News 907 views last update:Feb 25, 2016

Meal frequency and its effect on feed efficiency in pigs

Less frequent daily meal intake improves the conversion of feed into weight gain, work at the French research institute INRA showed.

Ingested dietary nutrients and feed energy are partitioned among tissues to sustain body growth. Based on the respective costs of the various metabolic pathways allowing use and storage of feed energy into cells, it may be theorised that daily meal frequency could affect growth, body composition or feed efficiency.

Experimental set-up
This study by INRA aimed to determine the effects of daily meal frequency on nutrient partitioning, tissue metabolism and composition, and performance. Young growing pigs (30 kg BW) were offered a same amount of feed either in 2 (M2, n = 15) or 12 (M12, n = 16) meals per day during a 3-wk interventional period. Animals fed twice a day had an accelerated weight gain (+6.4%, P < 0.05) and exhibited a greater G:F (+4%, P = 0.03) than animals fed 12 meals per day during this period.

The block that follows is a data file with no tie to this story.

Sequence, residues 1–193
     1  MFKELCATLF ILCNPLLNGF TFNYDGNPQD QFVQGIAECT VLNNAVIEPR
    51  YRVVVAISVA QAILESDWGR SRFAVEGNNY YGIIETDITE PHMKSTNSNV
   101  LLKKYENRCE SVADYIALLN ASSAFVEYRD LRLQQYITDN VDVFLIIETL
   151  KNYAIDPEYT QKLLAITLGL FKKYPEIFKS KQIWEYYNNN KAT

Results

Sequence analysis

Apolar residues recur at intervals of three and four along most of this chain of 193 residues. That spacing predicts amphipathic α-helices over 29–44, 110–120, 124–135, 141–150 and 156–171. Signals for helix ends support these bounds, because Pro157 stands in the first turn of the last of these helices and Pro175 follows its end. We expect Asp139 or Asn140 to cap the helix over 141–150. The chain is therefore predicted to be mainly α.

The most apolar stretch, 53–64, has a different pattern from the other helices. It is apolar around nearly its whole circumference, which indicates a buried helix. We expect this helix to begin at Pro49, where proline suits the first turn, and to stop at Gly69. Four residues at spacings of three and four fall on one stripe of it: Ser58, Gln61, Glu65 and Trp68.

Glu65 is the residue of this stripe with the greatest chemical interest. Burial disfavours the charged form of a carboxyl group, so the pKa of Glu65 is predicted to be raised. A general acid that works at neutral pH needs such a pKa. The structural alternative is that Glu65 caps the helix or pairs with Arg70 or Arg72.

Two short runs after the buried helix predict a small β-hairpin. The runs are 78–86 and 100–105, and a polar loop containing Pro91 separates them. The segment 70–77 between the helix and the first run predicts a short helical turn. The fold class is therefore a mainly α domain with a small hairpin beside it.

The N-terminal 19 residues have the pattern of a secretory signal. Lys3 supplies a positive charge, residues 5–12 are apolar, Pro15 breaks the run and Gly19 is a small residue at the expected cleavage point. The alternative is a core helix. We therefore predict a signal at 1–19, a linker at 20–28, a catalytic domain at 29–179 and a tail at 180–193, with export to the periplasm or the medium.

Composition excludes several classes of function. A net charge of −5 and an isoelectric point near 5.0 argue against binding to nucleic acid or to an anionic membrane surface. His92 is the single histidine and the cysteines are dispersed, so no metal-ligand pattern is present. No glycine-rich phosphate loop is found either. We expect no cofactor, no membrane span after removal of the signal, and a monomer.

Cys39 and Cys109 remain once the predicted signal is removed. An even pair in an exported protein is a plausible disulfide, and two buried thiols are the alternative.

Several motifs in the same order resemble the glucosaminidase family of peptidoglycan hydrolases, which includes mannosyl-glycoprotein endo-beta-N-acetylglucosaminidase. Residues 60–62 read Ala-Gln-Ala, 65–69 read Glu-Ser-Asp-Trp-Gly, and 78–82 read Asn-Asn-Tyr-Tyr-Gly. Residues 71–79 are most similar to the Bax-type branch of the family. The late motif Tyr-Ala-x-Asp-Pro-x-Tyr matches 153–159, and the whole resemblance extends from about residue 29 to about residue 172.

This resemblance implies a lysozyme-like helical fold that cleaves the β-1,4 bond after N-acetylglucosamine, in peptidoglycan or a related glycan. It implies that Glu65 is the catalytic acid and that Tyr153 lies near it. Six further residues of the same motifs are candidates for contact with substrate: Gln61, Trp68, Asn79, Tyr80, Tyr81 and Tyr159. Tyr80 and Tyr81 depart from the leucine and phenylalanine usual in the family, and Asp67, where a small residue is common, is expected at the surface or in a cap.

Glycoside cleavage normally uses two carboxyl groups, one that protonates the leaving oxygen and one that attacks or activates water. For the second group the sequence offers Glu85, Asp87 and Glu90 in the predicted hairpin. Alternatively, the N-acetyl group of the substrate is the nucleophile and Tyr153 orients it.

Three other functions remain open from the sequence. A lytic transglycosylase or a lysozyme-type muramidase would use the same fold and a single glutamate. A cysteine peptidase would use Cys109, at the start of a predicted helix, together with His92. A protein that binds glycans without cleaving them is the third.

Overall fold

Effect on glucose
It was shown that basal plasma concentrations of glucose, lactate, triglyceride, urea, and leptin were lower (P < 0.001) in M2 pigs than in M12 pigs. Meal frequency also changed (P < 0.001) the time-course profiles of plasma concentrations of glucose, insulin, and lactate in response to meal ingestion. A greater rise and a sharper fall in plasma glucose and insulin levels were observed in M2 pigs compared with M12 pigs. In both groups, similarities were observed in the postprandial time courses of plasma concentrations of insulin and of α-amino nitrogen (used as a measure of total AA).

Metabolic responses not influenced
Despite these metabolic responses, tissue lipids, glycogen content, and enzyme activities participating in energy metabolism in muscle and liver were similar (P > 0.10) in both groups at the end of the trial. Percentage of perirenal fat in the body and depth of dorsal subcutaneous fat tissue were not affected by meal frequency, but kidney weight was lower (-18%, P < 0.001) in M2 pigsthan in M12 pigs. Altogether, the less frequent daily meal intake improves the conversion of feed into weight gain, without marked modifications of tissue composition in young pigs.

The full article has been published in the May edition of the Journal of Animal Science.

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